Wednesday, July 06, 2005

Productivity rules

The Literary Saloon, whom God preserve, gives us a link to a story in the Yorkshire Post about a man who has written (and had published) some 325 books.

His name is Charles Whiting, and I thought I hadn't heard of him until I was three quarters of the way through the article, and then the pen-name Leo Kessler appears. Well, I've heard of him all right. Though you probably won't have, because you're not as old as me, and you probably don't poke your nose into as many dark corners of the book trade as I do.

The Kessler books are interesting in that they are novels about the second world war written from the German point of view. And they normally feature the average squaddie -- or grunt, I think is the American term -- in other words, soldiers of the very lowest rank. The covers usually feature a storm-trooper in uniform. And the bibliography of Kessler novels is far too long to count. The series began in 1974 and the latest one appeared in 2004.

All in all, Whiting is precisely the kind of fiction writer that I admire most. Have I ever read him? Not knowingly. But that's not the point. Here is a man who writes six days a week, and has done for decades. He knows how to do the job. He is a professional. And I know of no higher compliment.

Whiting never gets interviewed in the Guardian or shortlisted for the Booker. The Times Lit Supp is never going to review him. And he didn't take an MFA. But he has learnt the hard way how to communicate with readers, and he obviously has battalions of fans. And I venture to suggest that he makes most literary fancypants self-obsessives look like the rank amateurs that they are.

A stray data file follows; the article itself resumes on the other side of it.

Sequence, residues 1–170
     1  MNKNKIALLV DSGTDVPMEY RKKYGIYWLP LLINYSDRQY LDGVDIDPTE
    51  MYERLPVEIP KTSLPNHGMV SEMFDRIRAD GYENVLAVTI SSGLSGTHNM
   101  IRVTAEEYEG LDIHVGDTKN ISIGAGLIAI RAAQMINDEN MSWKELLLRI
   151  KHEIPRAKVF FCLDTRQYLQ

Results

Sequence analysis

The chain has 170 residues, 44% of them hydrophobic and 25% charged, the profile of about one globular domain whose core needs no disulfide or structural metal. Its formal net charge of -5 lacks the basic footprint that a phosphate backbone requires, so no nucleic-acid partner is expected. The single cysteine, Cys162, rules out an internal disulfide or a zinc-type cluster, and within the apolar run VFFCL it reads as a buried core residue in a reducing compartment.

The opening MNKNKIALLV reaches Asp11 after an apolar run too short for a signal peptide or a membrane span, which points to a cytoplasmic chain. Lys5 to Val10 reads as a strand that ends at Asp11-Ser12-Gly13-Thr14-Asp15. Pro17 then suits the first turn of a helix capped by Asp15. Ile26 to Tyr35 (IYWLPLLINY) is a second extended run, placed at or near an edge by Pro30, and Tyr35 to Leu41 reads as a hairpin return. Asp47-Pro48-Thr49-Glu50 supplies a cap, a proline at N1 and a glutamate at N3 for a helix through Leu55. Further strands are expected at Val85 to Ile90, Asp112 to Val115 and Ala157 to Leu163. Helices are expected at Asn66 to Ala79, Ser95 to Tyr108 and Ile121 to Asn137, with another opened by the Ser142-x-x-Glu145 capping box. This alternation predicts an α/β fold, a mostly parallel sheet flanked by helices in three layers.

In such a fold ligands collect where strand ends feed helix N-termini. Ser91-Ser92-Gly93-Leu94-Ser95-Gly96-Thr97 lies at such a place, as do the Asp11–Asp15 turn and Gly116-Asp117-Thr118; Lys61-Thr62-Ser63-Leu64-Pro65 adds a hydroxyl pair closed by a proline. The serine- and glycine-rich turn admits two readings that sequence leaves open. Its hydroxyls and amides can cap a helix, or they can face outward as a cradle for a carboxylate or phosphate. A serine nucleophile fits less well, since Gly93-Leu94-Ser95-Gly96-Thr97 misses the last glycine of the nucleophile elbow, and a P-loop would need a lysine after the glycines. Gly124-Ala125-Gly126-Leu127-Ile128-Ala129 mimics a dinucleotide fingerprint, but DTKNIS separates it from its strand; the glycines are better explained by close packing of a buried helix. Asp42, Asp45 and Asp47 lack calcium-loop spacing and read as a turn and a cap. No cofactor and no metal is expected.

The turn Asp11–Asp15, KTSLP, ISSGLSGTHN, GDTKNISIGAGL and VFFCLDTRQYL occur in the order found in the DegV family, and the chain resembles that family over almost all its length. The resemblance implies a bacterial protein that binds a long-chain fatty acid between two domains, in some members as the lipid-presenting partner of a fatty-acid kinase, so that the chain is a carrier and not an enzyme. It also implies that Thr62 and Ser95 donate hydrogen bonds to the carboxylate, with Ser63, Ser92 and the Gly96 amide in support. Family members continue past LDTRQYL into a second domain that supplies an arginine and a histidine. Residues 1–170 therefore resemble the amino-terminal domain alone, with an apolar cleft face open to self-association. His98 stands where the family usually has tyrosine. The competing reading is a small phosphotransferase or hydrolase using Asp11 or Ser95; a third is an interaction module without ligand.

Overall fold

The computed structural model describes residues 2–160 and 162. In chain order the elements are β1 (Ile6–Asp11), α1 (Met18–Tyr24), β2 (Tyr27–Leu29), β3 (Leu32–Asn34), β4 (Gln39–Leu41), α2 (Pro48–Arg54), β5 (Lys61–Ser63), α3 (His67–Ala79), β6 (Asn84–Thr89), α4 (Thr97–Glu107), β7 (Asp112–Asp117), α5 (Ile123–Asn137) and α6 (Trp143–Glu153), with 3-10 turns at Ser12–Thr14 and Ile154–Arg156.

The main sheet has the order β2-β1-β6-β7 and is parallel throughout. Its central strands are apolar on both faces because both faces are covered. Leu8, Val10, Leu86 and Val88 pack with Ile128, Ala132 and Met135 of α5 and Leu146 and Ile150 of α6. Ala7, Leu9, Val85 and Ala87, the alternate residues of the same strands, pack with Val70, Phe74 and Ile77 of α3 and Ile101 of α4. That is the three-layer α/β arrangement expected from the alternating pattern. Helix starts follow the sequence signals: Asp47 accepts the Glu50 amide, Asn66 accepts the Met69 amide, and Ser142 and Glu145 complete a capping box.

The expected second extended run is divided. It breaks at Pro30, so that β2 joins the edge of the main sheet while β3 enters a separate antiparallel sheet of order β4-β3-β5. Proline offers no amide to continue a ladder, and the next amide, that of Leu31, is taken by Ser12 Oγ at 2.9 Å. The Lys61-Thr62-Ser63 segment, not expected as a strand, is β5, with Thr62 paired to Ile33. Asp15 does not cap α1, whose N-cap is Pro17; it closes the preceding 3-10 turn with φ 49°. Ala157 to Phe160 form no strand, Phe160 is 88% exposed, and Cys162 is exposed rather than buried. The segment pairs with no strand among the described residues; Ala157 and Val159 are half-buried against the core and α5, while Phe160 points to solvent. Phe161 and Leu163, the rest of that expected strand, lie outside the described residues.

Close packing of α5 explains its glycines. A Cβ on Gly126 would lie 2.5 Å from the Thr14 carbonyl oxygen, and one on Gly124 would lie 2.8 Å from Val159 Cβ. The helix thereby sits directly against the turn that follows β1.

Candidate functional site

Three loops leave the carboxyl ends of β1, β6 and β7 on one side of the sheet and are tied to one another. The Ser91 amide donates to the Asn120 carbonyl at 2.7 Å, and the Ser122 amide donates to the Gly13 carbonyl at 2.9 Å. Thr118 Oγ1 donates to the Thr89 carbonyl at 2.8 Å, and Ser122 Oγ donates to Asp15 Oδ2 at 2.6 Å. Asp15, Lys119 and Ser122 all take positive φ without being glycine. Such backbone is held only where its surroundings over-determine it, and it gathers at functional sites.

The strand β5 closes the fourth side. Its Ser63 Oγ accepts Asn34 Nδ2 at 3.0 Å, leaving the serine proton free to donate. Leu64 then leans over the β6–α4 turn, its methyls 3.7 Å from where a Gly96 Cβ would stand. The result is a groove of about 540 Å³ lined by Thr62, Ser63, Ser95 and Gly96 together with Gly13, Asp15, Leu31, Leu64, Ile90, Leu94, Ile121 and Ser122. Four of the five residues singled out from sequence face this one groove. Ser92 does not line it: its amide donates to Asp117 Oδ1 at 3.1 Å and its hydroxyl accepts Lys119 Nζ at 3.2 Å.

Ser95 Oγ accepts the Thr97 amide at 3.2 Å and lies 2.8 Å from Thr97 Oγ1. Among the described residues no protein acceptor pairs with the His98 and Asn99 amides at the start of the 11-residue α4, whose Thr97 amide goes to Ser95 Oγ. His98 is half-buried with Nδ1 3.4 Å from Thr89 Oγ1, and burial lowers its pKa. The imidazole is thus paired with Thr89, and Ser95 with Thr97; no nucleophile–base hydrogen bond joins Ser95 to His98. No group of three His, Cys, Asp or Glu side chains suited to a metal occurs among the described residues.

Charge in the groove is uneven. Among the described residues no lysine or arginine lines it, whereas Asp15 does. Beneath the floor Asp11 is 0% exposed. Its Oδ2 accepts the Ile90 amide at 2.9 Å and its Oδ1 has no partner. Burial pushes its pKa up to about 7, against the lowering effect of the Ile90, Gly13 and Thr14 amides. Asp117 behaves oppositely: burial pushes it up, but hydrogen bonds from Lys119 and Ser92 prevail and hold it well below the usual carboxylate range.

8 comments:

Kriti said...

A 'good' read in this vein are the books by Sven Hassel. 'Wheels of Terror', 'Legion of the Damned' etc,still in print after 50 years.

They survive I think because of a dedicated readership in the British army.

BookBabe said...

Yahooo... I just love it when someone calls a spade (or literary fancypants, as the case may be) a spade. I'm all for a little less on the self-obsessive and a little more on the page!

bob said...

There's some insane library stat about Charles Whiting, I forget the precise rating but he's something like the 2nd most borrowed author from UK libraries.

Steve Newman said...

Humdrumming Ltd are now republishing some early Leo Kessler's, starting with 'Fire Over kabul' ISBN 1905532156


Go to the Humdrumming website
http://www.humdrumming.co.uk/ for more info.

Steve Newman said...

Latest News.

Humdrumming Ltd are to re-publish, in 2006, Charles Whiting's
'Hemingway Goes To War' which is the most detailed account of Ernest Hemingway's controverial time as a war correspondent in the second half of 1944. A must for all Hemingway scholars.

Michael K said...

I just heard a piece on Radio 4 today about Charles whose Leo Kessler alter ego I'd read as a boy. What can I say? He was obviously a great model writer and the fact that he was non-existent to the literary fartsypants reviewers, who like to think they dictate what the nation's tastes are, impresses me all the more.
If you want, as a writer, to emulate anybody, you can start with Mr. Whiting who, by 11am of a morning had already written 3,000 words.

Charles, I salute you!

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Charles Whiting is one of those writers that never gives up because he knows he has much to write about. His mind is full of ideas.